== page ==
A 19-Year-Old Man with a History of Recreational Inhalation of Nitrous Oxide with Severe Peripheral Neuropathy and Central Pulmonary Embolism

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BACKGROUND Recreational use of nitrous oxide (laughing gas) is a growing phenomenon among young people due to easy accessibility and a presumed innocent effect. However, complications have been reported, especially following high and long-term use, including nerve damage, spontaneous pneumo-mediastinum, myocardial infarction, and macrocytic anemia. CASE REPORT We report a case of a 19-year-old previously healthy man with occasional recreational use of nitrous oxide of up to 10 times within recent months, who presented with severe peripheral neuropathy. Laboratory examination revealed severely elevated homocysteine values of 92 µmol/L (reference range, <10 µmol/L), strongly elevated methylmalonic acid level of >10 µmol/L (range, 0.1-0.4 µmol/L), vitamin B₁₂ level of 234 pmol/L (range, 200-600 pmol/L), hemoglobin level of 9.3 mmol/L (range, 8.3-10.5 mmol/L), platelets of 384×10⁹/L (range, 145-350×10⁹/L), and leucocytes of 6.2×10⁹/L (range, 3.5-10.0×10⁹/L). Nitrous oxide can result in vitamin B₁₂ inactivation and nerve damage due to lack of myelination. During hospitalization, the patient had a bilateral central pulmonary embolism, probably caused by a combination of nitrous oxide abuse and some extent of immobilization. After 6 months of nitrous oxide cessation and treatment with B vitamins, the patient experienced almost no residual symptoms, and homocysteine and methylmalonic acid levels normalized. CONCLUSIONS Our case shows that even moderate recreational use of nitrous oxide can lead to severe peripheral neuropathy as well as increase the risk of thromboembolic complications. Especially young and previously healthy individuals presenting with unexplained neuropathy or thromboembolic events should therefore be asked about possible use of nitrous oxide.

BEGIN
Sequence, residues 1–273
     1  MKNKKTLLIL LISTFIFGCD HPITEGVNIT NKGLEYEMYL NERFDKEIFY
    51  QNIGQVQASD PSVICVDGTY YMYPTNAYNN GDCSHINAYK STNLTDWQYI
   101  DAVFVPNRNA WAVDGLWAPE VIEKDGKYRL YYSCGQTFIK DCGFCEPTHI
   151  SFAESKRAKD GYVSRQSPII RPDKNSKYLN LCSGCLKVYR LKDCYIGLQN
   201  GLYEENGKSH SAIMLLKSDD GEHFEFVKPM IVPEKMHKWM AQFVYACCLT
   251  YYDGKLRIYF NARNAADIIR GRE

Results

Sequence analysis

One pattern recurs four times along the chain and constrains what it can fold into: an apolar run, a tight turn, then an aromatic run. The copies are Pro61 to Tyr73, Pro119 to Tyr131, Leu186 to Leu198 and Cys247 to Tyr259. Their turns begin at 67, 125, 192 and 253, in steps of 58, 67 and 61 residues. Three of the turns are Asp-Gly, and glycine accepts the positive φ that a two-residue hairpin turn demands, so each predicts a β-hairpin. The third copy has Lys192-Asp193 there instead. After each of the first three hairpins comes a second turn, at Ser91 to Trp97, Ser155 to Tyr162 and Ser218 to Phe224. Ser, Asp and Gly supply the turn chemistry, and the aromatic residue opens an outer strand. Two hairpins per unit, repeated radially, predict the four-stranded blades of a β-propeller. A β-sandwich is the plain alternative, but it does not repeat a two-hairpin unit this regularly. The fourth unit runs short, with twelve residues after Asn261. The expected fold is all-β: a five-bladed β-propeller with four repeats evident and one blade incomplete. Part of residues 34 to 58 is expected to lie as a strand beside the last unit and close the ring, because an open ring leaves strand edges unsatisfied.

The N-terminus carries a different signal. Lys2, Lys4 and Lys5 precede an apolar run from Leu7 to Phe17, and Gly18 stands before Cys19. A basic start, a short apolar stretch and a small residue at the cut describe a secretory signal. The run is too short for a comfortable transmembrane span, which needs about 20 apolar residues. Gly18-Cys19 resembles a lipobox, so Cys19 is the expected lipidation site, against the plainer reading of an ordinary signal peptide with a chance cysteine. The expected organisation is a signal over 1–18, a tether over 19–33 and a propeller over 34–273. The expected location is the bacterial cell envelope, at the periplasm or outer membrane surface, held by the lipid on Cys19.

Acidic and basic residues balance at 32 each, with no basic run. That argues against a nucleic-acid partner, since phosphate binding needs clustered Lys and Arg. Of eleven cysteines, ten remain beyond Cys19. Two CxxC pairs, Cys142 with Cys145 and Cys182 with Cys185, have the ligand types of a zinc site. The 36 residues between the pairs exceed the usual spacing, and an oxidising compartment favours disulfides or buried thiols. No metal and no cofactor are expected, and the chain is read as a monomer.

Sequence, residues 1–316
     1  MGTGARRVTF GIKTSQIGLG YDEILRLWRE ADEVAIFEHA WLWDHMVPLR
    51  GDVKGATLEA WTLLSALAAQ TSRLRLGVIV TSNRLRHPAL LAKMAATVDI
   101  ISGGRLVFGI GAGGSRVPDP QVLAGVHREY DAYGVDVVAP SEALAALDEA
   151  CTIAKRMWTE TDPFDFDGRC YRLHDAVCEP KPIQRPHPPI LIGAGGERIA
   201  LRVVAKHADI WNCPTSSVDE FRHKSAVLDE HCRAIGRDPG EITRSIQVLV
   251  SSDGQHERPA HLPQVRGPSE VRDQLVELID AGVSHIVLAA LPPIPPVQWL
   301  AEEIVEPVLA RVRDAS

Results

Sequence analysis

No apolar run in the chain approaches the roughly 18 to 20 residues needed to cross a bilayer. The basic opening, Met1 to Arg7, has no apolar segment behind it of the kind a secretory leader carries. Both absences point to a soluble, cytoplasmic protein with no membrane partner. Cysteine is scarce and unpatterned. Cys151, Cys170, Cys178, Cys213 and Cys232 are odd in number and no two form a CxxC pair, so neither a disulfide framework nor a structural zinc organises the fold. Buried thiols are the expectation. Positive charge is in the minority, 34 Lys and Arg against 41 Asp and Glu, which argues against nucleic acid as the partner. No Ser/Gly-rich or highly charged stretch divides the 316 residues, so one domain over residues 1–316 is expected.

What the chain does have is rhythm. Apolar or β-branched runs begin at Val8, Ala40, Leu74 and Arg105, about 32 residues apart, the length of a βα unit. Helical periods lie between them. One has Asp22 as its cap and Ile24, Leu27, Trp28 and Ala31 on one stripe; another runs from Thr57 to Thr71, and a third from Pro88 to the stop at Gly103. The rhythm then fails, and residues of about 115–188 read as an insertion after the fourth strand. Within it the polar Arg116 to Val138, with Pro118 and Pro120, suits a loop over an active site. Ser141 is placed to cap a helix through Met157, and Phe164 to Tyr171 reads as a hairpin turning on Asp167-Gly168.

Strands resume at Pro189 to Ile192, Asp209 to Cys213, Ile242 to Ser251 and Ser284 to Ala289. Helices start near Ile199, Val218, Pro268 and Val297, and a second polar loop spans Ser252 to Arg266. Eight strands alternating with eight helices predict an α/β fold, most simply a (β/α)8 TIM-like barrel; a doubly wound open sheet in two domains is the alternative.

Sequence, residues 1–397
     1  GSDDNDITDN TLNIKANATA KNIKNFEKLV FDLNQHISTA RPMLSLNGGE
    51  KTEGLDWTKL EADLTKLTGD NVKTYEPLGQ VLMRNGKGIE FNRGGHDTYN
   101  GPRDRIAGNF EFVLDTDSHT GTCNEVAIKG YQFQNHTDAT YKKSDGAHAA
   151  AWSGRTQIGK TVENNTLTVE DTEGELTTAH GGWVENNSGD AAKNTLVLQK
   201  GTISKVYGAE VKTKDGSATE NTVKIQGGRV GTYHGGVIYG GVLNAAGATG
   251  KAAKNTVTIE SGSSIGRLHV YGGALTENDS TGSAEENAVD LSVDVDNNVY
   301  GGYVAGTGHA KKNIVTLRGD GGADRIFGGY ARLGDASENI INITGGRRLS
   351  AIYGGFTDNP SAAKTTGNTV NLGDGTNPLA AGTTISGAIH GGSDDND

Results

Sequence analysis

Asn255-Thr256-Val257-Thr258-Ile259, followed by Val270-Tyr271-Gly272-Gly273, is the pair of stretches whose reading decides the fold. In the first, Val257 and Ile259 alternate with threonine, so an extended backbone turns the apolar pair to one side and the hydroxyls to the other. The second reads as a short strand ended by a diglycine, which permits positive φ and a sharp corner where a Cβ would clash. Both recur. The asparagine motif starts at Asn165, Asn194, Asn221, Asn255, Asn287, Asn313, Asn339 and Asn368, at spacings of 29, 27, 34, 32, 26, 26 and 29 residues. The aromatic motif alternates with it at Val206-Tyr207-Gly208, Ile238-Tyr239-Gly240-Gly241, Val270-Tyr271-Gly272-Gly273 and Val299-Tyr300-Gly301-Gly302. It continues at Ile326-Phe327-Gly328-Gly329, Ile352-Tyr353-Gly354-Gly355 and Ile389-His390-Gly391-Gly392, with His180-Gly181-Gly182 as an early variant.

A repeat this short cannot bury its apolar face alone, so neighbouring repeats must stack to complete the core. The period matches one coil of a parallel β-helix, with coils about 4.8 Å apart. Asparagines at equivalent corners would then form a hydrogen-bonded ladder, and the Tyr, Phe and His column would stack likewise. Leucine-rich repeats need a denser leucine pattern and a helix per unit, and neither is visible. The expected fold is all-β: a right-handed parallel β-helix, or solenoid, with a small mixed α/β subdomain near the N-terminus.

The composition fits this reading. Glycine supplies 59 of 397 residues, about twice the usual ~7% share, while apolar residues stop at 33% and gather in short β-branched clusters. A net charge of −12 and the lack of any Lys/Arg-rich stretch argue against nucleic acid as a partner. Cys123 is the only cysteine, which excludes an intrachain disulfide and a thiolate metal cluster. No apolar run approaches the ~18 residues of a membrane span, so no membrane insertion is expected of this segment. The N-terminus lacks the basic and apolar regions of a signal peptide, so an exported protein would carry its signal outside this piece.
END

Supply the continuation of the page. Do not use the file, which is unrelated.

TidsskriftAmerican Journal of Case Reports
Antal sider6
StatusUdgivet - aug. 2021

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